What is at the heart of creating digital experiences that resonate with users and prompt loyalty and advocacy? People.
Traditional “advertising is the art of arresting the human intelligence just long enough to get money from it” (Quote from Chuck Blore in Ben Bagdikian’s The Media Monopoly). This one-way form of bombarding people with messages designed to hack their cognitive processes worked well throughout the 20th century, when the advent of mass media allowed marketers entry into a high volume of U.S. households.
A room full of ad executives had little trouble making emotional appeals to people and helping businesses to sell their wares, fueling the growth and importance of marketing and advertising as a legitimate practice that has become standard within organizations of all types and sizes.
One of the challenges with one-way, mass messaging is that it is difficult to measure success outside of correlation. Another is that it lacks the human element that facilitates a deeper sense of loyalty. The sheer amazement with brands that have shiny logos and broadcast booming messages from the mountaintop kept people in awe for generations. Then, something happened at the turn of the century. A new medium emerged that allowed the participatory creation of an entirely new digital world.
As the World Wide Web evolved, forums and social media began to allow the people to interact with the companies they do business with. Tools such as Urchin/Google Analytics emerged, enabling companies to begin tracking the people that interact with their web properties. The introduction of Urchin Tracking Module (UTM) codes allowed businesses to assign parameters to links so that they could begin to track their marketing efforts with more accuracy than was ever possible in the past.
People sense advertising and avoid it
The paradigm shift that enabled a new world to emerge as a layer on top of our natural and built environments is bringing new insight and opportunities for businesses and organizations of all sizes. It is also bringing new challenges to traditional marketers. The “old way” of promoting, advertising, and marketing products and services is no longer relevant for Generation X, Y (Millennials), and subsequent generations.
People have become more adept at sensing a plug for a product or service and would rather consume grainy videos of people smashing iPhones than a well-produced video with sexy actors and exquisite dialog. They would rather consume content generated by peers than ad or promotional copy written by a brand.
The implications of a new landscape are voluminous. As digital marketers, we need to empathize with and measure the experience that our users have while interacting with our organizations by utilizing technology and with a genuine sense of understanding. We need to help people to solve their problems and become friends that offer information and content without a hitch – while still keeping a storefront that is available for people when they feel like they want to make a purchase.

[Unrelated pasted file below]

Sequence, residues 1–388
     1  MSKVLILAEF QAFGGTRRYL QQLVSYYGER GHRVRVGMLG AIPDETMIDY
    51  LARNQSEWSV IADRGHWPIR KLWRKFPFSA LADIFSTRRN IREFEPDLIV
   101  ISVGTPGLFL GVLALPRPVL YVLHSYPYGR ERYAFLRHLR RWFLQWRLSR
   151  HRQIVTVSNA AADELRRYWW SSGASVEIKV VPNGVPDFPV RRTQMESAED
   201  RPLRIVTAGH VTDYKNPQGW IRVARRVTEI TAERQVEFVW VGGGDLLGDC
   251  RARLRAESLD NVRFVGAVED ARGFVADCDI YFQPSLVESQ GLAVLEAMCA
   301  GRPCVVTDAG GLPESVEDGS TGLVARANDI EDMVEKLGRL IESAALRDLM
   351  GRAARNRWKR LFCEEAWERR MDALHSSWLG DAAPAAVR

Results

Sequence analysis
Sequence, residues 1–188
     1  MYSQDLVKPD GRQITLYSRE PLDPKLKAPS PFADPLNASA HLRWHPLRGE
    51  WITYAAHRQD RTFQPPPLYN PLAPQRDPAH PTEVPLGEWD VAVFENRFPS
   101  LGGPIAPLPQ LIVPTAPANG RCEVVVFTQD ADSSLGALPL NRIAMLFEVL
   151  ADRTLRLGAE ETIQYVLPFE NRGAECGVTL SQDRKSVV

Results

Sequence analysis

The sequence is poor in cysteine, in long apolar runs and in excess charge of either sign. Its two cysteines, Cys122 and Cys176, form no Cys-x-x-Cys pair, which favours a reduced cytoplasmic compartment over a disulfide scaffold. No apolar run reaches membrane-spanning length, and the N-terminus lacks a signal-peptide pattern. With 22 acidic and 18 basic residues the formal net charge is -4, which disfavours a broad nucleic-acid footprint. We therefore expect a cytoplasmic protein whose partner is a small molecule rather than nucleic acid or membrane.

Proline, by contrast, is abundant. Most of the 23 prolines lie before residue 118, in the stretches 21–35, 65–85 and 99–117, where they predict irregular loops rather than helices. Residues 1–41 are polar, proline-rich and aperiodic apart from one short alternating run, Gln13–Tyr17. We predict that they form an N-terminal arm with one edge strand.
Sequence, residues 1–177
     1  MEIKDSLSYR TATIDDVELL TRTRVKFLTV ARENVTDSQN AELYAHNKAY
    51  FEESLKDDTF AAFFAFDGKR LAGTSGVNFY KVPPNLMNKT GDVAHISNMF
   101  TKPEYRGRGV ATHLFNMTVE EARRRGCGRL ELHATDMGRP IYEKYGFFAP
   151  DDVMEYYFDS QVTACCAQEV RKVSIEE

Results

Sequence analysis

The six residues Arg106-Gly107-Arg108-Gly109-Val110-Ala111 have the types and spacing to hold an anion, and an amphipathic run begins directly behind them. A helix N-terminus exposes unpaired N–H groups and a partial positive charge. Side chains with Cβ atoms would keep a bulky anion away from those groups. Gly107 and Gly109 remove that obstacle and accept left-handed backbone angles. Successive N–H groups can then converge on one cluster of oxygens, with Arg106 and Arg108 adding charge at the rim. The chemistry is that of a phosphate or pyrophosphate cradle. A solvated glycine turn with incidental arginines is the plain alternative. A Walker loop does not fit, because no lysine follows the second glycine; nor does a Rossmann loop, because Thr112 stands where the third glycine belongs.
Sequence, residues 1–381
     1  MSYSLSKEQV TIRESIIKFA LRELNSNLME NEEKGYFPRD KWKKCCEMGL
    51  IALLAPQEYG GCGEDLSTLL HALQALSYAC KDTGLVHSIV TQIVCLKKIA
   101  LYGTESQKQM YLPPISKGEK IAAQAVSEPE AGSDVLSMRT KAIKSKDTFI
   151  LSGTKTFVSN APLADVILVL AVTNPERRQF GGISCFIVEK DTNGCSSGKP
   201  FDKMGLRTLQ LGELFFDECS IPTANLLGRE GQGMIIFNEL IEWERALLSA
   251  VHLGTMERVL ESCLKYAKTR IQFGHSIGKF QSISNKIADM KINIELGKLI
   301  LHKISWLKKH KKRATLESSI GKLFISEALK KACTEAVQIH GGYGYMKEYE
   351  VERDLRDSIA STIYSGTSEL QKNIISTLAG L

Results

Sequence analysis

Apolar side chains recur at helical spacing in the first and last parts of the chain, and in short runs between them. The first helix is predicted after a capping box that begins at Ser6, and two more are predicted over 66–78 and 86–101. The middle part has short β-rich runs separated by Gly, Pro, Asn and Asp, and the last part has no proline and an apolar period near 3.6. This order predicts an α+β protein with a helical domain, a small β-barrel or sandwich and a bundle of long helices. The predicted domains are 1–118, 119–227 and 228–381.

Human-centered Relationships – Enabled by Technology
One example of providing content in addition to having a storefront is Cakes.com, which has moved away from being solely an e-commerce site by continually posting new tutorials that provide people with ideas, inspiration and techniques for creating desserts and sweet treats for each season and occasion.
The common impulse for business is to rush to force someone to purchase immediately in order to see short-term boosts, while the lifetime value of loyalty and advocacy is completely ignored, along with the needs of people.
The new world of marketing is one where we need to acknowledge people’s needs and desires. As marketers, we also need to accept that people want to support companies that are socially responsible. They can smell “greenwashing” from miles away and avoid organizations that continually tout their initiatives without any demonstration of substance.
User-generated content that establishes the ethos of a business by giving tangible peeks inside of their good works, along with open exchanges that are unhindered by marketers trying to control the image of the brand, resonates with people in ways that traditional marketing cannot. Aside from that, it is the right thing to do.
Use Tools to Measure and Connect with People on a Human Level
Tools such as Google Analytics, SEMRush, and Sprout Social allow for marketers to listen to their users. It allows us to meet them half way and provide them with what they want and need. It also enables the semblance of a friendship to form, where businesses can provide resources, products, and services in a way that makes the user feel valued, while the user becomes an evangelist for the organizations that they share experiences with and that represent their core values.
It is time for businesses to put down the megaphone and extend a hand to those they are fortunate enough to interact with in the cyber world, and this can only be done by leveraging digital measuring, research and sentiment analysis tools to gather the empathy for those they serve.
Bagdikian, Ben H. The Media Monopoly. 6th Beacon Pbk. ed. Boston, Mass.: Beacon Press, 2000.
Photo by Tom Hilton (cc by 2.0)